Woodburn, OR  – Seven people were in the hospital Sunday night with carbon monoxide poisoning, according to Woodburn Fire Chief Joe Budge.

Budge said Sunday three adults and four children were transported for care.

“Just got off a conference call with PGE and they were calling it a 50-year storm,” Budge said.

This leaves many people to rely on propane and generators for heat and power. However, relying on these can lead to tragic accidents.

“So, we had three adults and four children get transported to Salem Hospital. They had carbon monoxide poisoning. They were doing some cooking with a propane cooker inside the house,” Budge said.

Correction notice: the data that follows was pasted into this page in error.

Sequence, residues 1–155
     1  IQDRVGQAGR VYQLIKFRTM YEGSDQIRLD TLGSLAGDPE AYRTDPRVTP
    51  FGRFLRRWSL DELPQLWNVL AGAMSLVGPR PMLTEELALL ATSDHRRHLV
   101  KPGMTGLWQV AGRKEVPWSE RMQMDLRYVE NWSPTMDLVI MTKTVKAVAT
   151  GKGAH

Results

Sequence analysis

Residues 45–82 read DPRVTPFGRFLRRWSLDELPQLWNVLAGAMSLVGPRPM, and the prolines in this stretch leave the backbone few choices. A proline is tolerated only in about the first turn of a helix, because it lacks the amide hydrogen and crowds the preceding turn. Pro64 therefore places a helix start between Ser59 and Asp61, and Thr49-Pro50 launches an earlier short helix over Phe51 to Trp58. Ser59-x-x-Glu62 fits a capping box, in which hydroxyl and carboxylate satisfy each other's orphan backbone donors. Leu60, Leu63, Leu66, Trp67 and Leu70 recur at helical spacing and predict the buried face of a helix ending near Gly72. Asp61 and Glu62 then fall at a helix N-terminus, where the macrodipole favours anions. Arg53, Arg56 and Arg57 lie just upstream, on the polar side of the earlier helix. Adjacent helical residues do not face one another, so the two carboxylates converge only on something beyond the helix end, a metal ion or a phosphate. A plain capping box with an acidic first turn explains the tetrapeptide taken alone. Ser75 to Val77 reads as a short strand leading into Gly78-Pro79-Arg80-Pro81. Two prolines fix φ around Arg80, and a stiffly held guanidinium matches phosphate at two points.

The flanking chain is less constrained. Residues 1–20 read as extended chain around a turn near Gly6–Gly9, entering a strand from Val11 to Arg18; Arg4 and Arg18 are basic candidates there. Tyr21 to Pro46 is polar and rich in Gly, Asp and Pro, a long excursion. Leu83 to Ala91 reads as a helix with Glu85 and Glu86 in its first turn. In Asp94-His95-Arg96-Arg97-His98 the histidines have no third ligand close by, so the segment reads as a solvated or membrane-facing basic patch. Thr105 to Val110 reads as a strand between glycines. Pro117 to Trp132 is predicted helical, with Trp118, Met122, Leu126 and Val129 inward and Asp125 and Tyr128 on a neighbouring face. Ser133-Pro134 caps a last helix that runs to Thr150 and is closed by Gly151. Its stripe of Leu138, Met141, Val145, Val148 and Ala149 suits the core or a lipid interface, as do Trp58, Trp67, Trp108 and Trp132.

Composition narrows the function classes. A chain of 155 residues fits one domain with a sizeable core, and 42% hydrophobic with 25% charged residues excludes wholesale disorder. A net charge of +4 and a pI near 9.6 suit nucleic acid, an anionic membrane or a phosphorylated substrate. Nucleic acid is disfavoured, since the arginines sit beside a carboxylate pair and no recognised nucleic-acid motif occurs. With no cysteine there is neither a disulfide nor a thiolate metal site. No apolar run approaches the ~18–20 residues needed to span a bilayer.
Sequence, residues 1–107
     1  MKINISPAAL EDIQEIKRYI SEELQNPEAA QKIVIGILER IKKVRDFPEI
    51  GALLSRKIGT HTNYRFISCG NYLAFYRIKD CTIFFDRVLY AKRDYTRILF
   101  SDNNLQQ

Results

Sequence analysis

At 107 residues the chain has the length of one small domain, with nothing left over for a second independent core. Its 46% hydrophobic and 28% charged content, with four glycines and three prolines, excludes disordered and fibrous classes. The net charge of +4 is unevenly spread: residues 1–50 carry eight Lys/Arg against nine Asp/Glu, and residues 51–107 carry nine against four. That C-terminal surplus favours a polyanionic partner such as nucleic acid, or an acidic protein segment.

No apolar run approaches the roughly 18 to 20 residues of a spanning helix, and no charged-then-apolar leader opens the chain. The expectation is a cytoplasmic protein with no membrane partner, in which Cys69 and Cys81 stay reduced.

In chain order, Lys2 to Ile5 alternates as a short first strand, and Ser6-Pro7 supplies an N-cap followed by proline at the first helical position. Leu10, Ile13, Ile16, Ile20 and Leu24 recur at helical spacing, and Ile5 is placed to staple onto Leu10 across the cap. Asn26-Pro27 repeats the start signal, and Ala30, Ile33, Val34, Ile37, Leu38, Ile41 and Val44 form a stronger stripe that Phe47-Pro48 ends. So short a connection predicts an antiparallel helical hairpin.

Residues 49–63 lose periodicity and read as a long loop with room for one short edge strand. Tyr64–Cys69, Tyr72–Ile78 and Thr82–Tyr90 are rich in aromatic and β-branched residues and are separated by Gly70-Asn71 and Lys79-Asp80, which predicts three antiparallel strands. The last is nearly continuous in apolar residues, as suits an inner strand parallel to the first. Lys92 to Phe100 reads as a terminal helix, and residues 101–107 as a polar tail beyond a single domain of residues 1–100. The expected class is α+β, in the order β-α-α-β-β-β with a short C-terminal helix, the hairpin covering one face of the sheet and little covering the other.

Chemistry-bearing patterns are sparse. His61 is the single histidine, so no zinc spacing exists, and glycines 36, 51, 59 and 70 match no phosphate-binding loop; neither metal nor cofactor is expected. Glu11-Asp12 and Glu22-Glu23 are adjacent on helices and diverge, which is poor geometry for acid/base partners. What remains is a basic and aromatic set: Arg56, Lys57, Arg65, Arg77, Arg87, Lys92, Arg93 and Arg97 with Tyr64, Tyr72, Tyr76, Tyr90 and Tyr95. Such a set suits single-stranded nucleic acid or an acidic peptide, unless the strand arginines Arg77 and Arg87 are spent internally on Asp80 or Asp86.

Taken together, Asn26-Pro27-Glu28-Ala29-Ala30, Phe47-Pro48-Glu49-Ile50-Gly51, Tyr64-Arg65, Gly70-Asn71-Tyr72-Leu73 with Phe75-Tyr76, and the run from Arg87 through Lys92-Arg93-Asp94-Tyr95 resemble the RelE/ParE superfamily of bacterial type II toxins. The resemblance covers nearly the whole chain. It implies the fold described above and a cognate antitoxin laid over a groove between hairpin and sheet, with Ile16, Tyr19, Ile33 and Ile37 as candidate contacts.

Budge said those seven people were all unconscious when first responders arrived. He said the children were revived on the scene, but two of the three adults were in critical condition at last check.

He said these accidents are more common when people are without power. On Sunday alone, Woodburn fire responded to three carbon monoxide incidents. Fortunately, the other two were not as serious.

“People don’t understand that that does produce – carbon monoxide is odorless, tasteless. They won’t know it’s being produced until it’s too late,” he said.

If you are relying on propane and generators as you wait for your power to be restored, Budge offers some advice for how to avoid an accident like this one:

“If you’re cooking with anything with an open flame it needs to be outside, it can’t be indoors and if you’re running a generator, make sure it’s away from the house and well ventilated,” Budge said.

Budge said because carbon monoxide is odorless, you should keep an eye out for symptoms like a headache. If you do experience that after using propane or a generator incorrectly, he said ventilate the area and call 911.